Thus the evidence is piling up that credit defaults are going to increase in many parts of the world and in many industries. And that will leave exposed the many businesses and SOEs that would not have been able to borrow in less permissive climate, and it will cause losses for their lenders. Just as on the upside, rising apparent asset values lead to more and more credit, on the downside, declining apparent asset values lead to tighter credit. Whether central banks could stem that tide seems problematic. Indeed, perhaps central banks should not even try to do so, because that likely would exacerbate the existing misallocation of resources.

Thus the world economy is going to have to pay for the natural misallocation of resources that occurred in the easy money era. And it may be that among the worst misallocations were those that were caused by low U.S. interest rates that seemed to enable a sensible arbitrage (carry trade) that disappeared when the tide went out, (I am working on a sequel article to this one that will discuss how the misallocation of resources occurred in the 2002-2006 credit boom and will try to give some idea of how it occurred in the easy money period of 2010-2015.) Misallocation of resources is not merely am economists' construct. It has real-world consequences when the credit cycle turns.

For investors, I do not think the bottom in riskier bonds or in the stock markets has come. I think the world has first to recognize the fundamental economic weakness that the credit bust will enforce. Then markets will capitulate and begin to heal.

For those with a long-term investment horizon, this may already be a good time to buy. But that may test one's stomach over the next six months, if I am right that the global economy, including the U.S. economy, is going get weaker. This is not intended as an alarmist prediction. I do not think the U.S. will experience a financial crisis because the large banks are so much better capitalized than they were last time around and so much less exposed to trading markets. But I am less sanguine about banks in other parts of the world that have less real capital and more foreign currency exposure. In Europe and many other places, the banks did not clear out the dead wood left over from the last (2002-2006) credit boom and did not raise sufficient new capital. Basel 3's leniency in postponing capital adequacy requirements and the lack of hardheaded supervision that would have forced losses to be recognized may lead to many new failures. Unsuspecting owners of Coco bonds (quasi-equity without equity's upside) of European banks may be right to be fearful, as it is reported they are.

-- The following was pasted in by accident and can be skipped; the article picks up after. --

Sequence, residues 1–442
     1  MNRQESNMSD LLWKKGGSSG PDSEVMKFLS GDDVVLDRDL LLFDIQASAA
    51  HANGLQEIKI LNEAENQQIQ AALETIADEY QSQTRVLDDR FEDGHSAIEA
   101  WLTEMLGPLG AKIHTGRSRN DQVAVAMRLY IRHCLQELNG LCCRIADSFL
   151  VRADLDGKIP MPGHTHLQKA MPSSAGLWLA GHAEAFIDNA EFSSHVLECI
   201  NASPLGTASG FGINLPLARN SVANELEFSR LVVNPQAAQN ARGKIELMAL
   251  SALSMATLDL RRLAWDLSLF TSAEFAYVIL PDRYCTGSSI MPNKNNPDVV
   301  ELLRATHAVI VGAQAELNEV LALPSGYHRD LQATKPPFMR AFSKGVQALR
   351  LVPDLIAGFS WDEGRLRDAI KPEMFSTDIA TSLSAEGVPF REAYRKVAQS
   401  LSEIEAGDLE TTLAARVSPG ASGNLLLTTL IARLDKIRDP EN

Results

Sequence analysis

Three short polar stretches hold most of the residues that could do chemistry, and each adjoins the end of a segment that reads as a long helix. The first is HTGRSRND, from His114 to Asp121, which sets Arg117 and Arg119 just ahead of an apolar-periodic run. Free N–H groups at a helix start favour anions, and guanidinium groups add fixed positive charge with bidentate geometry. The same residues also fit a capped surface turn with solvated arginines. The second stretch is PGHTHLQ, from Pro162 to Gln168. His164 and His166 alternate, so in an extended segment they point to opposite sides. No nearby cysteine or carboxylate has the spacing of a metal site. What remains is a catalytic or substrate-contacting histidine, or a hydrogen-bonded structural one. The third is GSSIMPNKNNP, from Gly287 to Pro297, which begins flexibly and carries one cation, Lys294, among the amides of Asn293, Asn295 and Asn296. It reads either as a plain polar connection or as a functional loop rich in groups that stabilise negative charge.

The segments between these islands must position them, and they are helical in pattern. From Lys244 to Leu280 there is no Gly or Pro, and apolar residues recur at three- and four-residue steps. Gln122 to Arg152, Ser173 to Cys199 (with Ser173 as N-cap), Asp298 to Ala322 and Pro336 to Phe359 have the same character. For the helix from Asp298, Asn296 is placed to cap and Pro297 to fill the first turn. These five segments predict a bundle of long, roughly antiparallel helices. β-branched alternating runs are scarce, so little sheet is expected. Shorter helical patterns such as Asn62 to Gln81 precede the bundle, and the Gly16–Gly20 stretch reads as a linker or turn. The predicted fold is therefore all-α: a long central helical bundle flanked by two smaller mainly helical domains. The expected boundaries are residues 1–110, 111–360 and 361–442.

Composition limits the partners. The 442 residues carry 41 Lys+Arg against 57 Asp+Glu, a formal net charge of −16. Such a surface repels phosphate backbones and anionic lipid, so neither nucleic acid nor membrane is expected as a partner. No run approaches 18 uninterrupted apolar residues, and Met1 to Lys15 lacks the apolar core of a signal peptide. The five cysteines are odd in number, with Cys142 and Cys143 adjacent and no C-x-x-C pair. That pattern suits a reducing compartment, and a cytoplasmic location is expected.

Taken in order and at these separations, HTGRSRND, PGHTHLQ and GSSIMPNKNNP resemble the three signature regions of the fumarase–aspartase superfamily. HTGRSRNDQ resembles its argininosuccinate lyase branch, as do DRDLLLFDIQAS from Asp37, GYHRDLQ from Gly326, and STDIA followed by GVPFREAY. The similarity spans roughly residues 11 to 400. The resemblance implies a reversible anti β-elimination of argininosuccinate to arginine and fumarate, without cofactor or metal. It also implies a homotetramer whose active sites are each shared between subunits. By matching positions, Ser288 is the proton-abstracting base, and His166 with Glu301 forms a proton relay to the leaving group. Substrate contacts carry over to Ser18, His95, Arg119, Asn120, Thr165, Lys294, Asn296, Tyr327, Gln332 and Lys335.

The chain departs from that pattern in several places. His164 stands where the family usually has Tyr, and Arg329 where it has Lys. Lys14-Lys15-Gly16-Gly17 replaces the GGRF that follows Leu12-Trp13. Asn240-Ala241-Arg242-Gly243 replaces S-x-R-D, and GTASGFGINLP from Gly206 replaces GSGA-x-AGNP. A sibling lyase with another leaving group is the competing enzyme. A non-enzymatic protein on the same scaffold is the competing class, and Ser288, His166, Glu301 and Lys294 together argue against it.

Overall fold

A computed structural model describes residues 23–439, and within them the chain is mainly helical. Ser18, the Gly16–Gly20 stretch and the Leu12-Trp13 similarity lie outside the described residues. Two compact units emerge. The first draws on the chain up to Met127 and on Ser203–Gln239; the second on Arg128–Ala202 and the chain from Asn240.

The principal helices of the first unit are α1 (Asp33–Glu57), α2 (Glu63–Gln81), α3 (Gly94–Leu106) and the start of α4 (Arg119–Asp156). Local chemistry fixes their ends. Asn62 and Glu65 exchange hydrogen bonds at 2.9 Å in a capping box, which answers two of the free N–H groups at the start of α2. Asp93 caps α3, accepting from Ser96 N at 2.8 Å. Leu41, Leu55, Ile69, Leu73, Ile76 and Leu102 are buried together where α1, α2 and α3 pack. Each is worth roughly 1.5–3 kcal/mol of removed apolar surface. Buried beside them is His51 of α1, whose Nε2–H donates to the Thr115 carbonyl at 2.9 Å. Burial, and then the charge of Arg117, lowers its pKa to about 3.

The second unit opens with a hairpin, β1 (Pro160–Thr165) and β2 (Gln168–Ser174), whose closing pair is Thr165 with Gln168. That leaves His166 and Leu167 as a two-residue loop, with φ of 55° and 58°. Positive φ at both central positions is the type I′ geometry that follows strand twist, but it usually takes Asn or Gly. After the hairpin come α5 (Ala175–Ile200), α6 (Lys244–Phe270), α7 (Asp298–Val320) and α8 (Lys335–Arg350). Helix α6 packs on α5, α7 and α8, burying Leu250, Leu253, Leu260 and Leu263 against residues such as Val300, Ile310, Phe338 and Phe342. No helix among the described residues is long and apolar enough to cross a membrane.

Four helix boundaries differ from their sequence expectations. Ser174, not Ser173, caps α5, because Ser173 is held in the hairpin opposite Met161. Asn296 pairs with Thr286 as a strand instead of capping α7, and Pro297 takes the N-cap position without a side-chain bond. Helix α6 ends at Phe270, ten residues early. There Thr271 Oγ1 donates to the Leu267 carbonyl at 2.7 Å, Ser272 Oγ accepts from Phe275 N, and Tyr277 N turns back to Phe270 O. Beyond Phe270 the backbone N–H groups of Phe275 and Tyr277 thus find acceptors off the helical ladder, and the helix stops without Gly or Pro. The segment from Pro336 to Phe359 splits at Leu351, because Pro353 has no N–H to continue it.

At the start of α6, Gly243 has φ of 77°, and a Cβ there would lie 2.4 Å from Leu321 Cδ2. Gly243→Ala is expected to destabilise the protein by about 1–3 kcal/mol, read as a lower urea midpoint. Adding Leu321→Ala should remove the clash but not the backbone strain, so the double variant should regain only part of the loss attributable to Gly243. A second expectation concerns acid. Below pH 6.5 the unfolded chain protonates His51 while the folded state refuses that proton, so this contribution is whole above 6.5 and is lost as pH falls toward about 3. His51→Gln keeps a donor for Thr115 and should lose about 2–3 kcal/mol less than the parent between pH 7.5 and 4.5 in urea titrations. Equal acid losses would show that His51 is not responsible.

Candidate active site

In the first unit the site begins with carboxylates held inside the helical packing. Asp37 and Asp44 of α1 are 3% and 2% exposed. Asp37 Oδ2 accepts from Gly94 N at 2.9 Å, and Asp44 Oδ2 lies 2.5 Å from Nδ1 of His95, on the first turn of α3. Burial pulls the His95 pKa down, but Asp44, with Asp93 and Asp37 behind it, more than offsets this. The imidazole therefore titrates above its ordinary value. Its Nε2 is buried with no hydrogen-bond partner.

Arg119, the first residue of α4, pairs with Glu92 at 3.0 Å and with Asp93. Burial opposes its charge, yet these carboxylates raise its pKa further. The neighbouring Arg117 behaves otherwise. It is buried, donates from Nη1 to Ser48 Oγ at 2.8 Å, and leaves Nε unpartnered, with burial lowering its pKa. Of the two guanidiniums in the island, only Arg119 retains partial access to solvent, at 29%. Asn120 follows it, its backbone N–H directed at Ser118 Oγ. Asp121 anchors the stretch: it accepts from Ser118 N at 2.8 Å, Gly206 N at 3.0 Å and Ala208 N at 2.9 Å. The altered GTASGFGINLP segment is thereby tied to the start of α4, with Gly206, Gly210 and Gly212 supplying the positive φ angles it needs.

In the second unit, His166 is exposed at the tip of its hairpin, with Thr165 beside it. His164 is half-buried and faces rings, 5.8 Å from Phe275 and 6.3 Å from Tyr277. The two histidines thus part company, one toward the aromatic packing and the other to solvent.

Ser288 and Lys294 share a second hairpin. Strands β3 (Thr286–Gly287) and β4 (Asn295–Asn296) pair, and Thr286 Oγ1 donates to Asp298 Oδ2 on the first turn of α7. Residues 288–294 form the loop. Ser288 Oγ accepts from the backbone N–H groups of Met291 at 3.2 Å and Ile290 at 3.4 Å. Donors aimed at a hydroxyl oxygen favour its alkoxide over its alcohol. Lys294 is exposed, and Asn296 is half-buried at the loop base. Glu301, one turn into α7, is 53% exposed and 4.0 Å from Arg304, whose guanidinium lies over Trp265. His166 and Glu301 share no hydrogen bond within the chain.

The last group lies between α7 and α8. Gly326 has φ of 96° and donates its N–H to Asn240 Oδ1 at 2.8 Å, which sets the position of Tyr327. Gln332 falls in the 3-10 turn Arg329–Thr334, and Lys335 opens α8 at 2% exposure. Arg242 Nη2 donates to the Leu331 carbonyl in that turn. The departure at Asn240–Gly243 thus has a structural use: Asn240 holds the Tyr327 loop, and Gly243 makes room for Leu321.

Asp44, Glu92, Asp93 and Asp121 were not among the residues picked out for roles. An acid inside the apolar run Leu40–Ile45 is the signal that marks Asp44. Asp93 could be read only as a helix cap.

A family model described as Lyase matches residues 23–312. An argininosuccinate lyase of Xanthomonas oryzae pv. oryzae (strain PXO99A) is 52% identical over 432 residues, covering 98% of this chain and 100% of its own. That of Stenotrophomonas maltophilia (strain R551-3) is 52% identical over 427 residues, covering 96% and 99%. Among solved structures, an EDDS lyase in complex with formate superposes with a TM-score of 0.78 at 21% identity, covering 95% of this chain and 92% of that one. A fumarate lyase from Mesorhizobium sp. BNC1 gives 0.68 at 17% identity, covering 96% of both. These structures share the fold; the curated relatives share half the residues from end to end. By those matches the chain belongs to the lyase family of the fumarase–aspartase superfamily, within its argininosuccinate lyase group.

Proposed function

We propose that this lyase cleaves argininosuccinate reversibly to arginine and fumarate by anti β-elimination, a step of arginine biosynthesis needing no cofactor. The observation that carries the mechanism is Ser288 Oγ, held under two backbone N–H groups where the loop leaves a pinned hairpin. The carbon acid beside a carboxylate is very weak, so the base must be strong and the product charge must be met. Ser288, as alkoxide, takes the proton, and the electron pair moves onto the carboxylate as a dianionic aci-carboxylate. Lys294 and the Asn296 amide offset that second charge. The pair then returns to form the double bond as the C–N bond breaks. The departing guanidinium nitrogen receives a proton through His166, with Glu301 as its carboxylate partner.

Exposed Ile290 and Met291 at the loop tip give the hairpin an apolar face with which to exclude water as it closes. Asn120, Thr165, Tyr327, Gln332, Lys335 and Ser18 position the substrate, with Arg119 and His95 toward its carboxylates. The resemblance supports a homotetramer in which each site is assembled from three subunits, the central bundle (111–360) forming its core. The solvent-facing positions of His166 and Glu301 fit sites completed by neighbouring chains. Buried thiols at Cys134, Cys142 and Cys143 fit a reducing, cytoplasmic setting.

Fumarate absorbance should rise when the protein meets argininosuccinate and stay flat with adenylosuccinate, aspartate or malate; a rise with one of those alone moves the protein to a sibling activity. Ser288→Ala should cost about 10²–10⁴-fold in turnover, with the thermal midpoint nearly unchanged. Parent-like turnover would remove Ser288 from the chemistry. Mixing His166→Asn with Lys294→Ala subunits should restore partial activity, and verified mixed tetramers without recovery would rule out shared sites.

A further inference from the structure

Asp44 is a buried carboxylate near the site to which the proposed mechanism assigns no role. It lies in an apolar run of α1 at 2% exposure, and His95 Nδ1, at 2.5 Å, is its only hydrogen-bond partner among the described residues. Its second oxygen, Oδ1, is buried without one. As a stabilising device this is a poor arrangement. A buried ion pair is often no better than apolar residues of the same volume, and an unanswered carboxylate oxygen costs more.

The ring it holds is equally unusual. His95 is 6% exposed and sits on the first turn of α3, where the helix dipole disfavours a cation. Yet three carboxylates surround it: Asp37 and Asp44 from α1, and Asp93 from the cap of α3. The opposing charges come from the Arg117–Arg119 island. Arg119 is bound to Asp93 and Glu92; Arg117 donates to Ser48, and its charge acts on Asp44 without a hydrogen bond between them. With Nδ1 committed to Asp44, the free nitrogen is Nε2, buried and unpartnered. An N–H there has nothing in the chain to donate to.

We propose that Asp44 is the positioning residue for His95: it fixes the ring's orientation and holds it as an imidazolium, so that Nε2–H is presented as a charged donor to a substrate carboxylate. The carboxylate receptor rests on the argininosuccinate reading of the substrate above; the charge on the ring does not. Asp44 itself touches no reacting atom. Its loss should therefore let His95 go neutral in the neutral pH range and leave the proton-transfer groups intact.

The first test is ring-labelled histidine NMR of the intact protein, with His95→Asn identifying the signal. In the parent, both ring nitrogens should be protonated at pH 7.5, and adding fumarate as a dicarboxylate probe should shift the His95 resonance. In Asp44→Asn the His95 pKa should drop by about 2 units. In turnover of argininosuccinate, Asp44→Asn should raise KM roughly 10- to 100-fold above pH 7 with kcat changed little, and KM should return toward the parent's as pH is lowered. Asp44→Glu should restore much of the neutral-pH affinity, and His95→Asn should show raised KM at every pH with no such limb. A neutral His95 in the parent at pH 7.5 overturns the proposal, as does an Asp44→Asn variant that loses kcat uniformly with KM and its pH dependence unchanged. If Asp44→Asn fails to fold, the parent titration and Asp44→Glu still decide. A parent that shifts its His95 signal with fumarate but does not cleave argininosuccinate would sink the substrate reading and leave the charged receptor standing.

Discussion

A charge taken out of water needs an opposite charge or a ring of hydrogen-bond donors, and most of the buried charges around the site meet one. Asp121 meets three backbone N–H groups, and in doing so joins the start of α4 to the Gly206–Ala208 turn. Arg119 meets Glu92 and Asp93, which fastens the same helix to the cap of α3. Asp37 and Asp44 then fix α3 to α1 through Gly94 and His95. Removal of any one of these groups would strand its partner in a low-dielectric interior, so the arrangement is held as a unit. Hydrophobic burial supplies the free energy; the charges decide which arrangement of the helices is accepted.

Disclosure: I/we have no positions in any stocks mentioned, and no plans to initiate any positions within the next 72 hours.

I wrote this article myself, and it expresses my own opinions. I am not receiving compensation for it (other than from Seeking Alpha). I have no business relationship with any company whose stock is mentioned in this article.